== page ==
Vape shop stresses ID checking after FDA announces teen vaping '

Vape shop stresses ID checking after FDA announces teen vaping 'epidemic'

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LUBBOCK -

The commissioner of the FDA called teenage vaping an epidemic. Before it announced the epidemic of electronic cigarettes among teenagers, the FDA issued a warning to more than 1,000 retail locations around the country for selling to minors.

"If you had to be 18 and older to buy cigarettes we felt it should be the exact same way with e-cigarettes," Co-owner of 180 Vape, Kim Pharr, said.

According to Pharr, employees card every customer that looks younger than twenty-seven and scan their ID to see if it's legitimate.

"We don't want to sell to minors, we're not OK with that. We never have been," Pharr added.

Over the summer, the FDA issued 1,300 warning letters and fines to stores illegally selling e-cigs to minors.

"The disturbing and accelerating trajectory of use we're seeing in youth, and the resulting path to addiction, must end," FDA Commissioner, Dr. Scott Gottlieb said.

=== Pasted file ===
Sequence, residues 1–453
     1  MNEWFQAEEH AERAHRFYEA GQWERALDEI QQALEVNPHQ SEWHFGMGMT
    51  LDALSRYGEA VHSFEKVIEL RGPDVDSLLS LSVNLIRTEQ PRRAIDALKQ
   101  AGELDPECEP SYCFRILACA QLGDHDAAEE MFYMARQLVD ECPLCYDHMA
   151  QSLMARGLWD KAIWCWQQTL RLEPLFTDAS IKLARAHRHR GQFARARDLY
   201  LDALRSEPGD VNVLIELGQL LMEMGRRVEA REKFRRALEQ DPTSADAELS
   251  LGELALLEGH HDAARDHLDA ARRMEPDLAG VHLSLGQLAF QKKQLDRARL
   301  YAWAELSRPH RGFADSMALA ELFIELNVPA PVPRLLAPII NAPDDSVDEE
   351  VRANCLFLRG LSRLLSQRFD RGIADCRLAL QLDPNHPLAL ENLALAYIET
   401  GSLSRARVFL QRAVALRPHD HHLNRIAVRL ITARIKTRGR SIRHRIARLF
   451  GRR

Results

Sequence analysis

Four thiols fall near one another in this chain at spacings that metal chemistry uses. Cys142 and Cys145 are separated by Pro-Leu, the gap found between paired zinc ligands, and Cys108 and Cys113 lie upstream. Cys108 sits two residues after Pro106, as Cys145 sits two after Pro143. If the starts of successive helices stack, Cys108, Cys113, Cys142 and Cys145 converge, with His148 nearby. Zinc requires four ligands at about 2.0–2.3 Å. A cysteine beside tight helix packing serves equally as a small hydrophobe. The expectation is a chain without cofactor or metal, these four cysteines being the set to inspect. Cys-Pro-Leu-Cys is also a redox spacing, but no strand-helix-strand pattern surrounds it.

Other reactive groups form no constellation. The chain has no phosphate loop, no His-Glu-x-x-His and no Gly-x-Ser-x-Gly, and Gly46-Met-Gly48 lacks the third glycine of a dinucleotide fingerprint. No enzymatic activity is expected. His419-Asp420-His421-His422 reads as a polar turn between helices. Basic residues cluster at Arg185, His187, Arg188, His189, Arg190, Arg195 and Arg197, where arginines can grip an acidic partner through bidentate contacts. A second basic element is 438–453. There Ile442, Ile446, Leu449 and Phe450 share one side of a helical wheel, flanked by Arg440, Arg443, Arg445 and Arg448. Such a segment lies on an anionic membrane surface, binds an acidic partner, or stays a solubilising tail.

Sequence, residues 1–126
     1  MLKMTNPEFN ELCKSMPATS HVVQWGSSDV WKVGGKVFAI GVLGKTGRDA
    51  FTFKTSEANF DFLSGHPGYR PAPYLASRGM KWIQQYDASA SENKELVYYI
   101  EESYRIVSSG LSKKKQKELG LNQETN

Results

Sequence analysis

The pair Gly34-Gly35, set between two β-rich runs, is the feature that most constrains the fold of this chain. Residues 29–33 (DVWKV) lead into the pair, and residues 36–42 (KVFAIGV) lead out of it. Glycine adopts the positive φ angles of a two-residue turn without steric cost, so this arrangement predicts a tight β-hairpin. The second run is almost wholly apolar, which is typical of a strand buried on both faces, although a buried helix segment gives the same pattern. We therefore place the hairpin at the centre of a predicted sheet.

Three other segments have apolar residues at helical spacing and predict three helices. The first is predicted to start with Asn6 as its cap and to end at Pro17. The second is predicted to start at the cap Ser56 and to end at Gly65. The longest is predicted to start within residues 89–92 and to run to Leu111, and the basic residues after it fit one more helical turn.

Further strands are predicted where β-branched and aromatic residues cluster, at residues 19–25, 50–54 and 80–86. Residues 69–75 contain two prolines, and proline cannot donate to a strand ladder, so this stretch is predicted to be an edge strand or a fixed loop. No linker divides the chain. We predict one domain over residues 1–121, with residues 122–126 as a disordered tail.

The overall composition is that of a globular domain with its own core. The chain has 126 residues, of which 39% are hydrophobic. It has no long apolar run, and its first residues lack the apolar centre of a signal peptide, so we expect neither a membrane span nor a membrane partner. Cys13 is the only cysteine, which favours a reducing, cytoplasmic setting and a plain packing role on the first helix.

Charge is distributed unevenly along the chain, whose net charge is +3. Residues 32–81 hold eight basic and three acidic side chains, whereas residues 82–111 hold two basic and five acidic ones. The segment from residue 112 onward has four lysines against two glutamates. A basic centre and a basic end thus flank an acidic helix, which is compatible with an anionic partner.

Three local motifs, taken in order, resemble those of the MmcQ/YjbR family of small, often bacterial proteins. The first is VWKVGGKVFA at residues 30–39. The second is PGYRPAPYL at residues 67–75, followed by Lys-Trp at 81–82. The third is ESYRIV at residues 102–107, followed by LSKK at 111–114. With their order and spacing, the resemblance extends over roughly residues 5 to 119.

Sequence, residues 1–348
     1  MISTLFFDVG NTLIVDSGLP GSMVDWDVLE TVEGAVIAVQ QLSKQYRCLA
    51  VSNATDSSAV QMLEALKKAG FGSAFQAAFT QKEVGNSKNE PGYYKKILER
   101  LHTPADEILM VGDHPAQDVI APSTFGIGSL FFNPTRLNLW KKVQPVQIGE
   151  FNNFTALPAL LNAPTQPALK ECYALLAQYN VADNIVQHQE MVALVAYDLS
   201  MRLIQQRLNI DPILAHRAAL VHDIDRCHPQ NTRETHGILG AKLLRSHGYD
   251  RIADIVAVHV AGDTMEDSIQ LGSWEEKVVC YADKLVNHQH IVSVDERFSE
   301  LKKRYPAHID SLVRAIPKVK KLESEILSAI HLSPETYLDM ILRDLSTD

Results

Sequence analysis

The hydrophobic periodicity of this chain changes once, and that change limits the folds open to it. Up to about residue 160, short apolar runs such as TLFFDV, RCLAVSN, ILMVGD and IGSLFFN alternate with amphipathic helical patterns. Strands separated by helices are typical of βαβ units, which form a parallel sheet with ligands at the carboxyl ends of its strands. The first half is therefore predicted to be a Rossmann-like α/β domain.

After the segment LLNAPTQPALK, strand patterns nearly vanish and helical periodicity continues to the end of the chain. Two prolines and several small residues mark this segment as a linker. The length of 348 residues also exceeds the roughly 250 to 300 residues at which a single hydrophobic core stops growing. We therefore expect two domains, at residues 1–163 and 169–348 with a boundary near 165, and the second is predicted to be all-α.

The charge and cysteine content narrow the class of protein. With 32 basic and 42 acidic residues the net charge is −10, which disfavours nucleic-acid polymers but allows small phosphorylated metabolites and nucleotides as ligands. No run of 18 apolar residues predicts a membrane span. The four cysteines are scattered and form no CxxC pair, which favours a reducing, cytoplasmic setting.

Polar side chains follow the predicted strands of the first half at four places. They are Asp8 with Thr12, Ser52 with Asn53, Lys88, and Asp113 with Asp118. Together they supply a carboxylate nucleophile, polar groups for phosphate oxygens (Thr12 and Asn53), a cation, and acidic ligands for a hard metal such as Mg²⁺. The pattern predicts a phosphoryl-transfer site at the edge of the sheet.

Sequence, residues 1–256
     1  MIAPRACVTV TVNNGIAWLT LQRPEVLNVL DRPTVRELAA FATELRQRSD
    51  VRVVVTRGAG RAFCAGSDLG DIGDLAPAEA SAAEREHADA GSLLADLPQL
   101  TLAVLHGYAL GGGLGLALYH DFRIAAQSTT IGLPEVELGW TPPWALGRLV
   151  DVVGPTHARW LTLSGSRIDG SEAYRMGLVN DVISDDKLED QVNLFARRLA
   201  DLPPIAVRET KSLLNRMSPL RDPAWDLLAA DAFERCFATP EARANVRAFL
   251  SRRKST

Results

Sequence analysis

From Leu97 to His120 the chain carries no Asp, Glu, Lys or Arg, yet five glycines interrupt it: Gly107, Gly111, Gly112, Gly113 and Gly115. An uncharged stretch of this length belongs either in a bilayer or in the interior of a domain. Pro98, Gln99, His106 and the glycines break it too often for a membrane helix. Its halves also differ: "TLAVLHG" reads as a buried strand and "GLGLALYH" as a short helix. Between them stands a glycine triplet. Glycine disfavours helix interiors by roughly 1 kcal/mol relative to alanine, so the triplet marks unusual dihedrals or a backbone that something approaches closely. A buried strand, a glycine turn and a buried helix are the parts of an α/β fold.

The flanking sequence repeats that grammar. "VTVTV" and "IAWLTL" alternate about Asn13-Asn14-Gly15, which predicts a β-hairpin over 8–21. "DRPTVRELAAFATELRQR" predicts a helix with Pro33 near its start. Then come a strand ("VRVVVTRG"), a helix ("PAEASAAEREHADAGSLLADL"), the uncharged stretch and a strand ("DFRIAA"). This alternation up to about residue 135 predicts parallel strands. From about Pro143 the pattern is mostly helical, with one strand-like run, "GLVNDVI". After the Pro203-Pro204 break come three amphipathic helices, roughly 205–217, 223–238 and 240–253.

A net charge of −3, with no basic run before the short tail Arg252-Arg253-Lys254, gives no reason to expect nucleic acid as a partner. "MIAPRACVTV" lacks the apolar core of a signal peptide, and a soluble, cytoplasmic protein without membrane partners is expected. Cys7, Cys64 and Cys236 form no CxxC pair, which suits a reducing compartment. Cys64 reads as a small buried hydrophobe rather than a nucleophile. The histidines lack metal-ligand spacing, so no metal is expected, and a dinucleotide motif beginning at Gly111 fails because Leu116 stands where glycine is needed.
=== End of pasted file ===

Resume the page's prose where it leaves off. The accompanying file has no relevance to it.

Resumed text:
The administration warned manufacturers like JUUL, Vuse, MarkTen, blu and Logic, they have sixty days to come up with plans to address the epidemic.

"It's one of those things you don't want to see young people doing," Director of Public Health for the City of Lubbock, Katherine Wells said. "We've worked really hard on reducing smoking rates in the state and nationally and that's actually reduced the health risks associated with smoking and I don't want to see those things start increasing."

Nothing Butt Smokes is the only store in Lubbock the FDA issued a warning to.

According to Wells, while e-cigs can help adults quit tobacco, they contain nicotine which is highly addictive.

"They're also seen as an entryway into starting to smoke, so you don't want young people to start picking up e-cigarettes because they are addictive and you can see people turn to tobacco use," Wells said.

The only type of e-cig 180 Vape carries are JUULS. The rest are made by big tobacco companies.

Pharr said those products are sold at a lot more places and can be easier to get.

"Convenient stores might have a little bit more trouble, but if the government or state enforces those rules, I think that we would see a big difference in what they're seeing as far as children or teens vaping. The problem doesn't lie in the vape stores," Pharr said.

According to a CDC study, 4.3% of middle school students and 11.3% of high school students have tried e-cigarettes.

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